NASA brought in August 1977, the spacecraft Voyager 2 on the market. For nearly four decades, it has found its way out of the massive bubble called the heliosphere, which is created by the sun and contains our entire solar system. This happened about a year ago when we traveled to interstellar space and left our system forever.
This week, several new research papers have been published based on data returned by Voyager 2, revealing some interesting things about the boundary between our solar environment and the vastness of interstellar space.
Some of the more interesting references concern the observation of plasma in interstellar space and the fact that it is much denser than plasma in the heliosphere. This makes sense because it is very cold in interstellar space. Voyager 1
After Voyager 2 left the heliosphere, scientists expected a dramatic decrease in the number of charged particles detected. This proved to be the case for Voyager 1, but it was different for his twin, and it seems that the region where Voyager 2 leaked is "leaking." Voyager 2 observed some of the particles that are typically confined to the escaping heliosphere into the interstellar space.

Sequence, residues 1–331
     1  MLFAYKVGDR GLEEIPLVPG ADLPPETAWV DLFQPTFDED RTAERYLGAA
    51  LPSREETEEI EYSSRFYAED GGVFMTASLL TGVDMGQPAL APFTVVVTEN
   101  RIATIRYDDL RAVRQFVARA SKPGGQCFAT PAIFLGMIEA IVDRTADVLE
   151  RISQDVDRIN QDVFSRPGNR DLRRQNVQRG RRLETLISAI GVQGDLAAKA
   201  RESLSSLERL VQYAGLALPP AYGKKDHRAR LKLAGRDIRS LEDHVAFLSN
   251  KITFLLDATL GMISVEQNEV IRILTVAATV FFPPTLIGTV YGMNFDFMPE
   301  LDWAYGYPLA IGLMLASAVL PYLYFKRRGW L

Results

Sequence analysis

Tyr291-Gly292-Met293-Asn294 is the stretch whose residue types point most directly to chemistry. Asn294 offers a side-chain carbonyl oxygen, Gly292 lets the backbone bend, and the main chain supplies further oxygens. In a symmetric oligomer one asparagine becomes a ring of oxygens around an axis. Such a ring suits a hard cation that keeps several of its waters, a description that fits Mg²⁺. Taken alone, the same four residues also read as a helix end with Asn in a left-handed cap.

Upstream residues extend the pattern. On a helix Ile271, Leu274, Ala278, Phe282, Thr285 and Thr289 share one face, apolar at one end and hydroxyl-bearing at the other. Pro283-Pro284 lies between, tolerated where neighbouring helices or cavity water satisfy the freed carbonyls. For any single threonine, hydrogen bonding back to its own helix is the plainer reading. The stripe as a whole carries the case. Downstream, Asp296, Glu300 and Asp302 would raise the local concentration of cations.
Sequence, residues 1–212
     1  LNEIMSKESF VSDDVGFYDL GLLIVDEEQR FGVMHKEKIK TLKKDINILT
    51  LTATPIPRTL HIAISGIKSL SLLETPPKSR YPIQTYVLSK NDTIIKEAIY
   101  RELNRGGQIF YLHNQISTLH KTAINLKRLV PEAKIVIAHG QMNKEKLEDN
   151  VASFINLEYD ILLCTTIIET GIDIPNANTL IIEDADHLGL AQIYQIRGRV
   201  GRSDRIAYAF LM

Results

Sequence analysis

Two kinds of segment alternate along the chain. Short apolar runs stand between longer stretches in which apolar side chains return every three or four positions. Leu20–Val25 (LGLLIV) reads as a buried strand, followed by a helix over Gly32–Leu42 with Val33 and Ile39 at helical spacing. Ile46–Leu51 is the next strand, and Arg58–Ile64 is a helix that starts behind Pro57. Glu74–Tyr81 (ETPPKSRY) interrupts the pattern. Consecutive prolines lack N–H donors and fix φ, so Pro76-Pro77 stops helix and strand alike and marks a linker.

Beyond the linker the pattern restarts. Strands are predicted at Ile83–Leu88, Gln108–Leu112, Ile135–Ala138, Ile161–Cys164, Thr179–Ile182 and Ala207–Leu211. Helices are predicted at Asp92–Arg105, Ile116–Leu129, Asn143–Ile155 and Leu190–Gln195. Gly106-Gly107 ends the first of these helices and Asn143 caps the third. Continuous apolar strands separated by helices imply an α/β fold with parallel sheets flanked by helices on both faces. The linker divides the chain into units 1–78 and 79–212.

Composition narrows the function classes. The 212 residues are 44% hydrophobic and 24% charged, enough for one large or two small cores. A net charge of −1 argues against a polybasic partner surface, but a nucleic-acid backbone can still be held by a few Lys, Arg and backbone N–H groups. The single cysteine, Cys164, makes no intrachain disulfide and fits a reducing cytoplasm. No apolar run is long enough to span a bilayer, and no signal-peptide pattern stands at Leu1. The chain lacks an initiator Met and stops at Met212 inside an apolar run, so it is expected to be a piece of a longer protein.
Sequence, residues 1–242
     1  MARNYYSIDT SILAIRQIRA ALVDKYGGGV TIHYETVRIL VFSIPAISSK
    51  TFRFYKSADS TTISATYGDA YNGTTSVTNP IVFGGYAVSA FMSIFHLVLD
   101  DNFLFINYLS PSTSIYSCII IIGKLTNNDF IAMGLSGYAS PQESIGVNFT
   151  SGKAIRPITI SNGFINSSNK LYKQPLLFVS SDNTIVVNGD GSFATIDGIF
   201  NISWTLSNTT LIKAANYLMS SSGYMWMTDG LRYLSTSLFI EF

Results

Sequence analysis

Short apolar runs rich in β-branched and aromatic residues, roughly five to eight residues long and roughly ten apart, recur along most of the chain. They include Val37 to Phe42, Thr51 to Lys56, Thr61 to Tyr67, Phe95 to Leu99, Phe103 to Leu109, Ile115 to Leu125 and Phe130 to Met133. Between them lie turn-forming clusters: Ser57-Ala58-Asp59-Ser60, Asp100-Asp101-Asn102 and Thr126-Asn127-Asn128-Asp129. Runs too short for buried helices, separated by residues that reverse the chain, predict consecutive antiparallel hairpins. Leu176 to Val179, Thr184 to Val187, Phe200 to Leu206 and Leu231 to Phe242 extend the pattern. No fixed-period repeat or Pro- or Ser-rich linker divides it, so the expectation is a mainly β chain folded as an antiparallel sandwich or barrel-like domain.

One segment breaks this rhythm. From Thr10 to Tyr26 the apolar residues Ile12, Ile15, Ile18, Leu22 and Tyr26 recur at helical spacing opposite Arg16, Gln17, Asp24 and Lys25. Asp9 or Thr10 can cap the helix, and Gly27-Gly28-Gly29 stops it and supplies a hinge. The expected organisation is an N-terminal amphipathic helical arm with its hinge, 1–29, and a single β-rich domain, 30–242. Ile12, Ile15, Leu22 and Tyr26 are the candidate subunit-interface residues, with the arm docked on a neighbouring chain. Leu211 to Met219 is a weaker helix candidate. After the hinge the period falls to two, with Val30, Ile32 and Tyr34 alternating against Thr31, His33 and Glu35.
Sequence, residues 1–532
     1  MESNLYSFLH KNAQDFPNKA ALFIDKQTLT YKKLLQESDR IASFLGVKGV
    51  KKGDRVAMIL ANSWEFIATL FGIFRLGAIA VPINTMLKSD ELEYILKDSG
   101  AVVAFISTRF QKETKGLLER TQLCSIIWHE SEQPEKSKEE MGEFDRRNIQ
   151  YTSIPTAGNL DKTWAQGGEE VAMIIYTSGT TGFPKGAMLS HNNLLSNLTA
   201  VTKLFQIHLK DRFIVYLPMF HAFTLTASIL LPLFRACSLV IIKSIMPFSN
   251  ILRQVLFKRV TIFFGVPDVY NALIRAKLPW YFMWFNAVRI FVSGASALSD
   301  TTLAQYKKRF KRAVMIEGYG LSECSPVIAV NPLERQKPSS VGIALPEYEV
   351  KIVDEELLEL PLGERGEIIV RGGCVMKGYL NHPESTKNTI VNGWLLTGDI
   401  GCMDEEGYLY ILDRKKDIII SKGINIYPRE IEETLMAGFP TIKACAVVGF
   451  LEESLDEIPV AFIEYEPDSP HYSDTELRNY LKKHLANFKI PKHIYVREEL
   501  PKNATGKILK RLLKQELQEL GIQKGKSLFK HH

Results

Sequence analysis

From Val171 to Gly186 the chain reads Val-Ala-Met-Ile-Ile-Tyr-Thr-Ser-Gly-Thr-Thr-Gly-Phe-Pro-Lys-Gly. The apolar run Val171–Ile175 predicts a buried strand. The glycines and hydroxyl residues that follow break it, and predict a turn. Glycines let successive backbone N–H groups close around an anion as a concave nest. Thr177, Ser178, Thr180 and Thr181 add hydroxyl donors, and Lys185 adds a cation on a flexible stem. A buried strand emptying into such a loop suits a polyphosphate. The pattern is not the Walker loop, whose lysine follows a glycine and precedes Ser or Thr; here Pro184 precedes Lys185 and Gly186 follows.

"The Voyager probes show us how our Sun interacts with the material that fills most of the space between stars in the Milky Way," Voyager Project Scientist Ed Stone said in a statement. "Without these new data from Voyager 2, we would not know if what we saw with Voyager 1 is characteristic of the entire heliosphere or specific to the location and time of the crossing." Technology used for decades in space is still one-piece and much less functional, but here we are, and NASA's trusted little probes still work.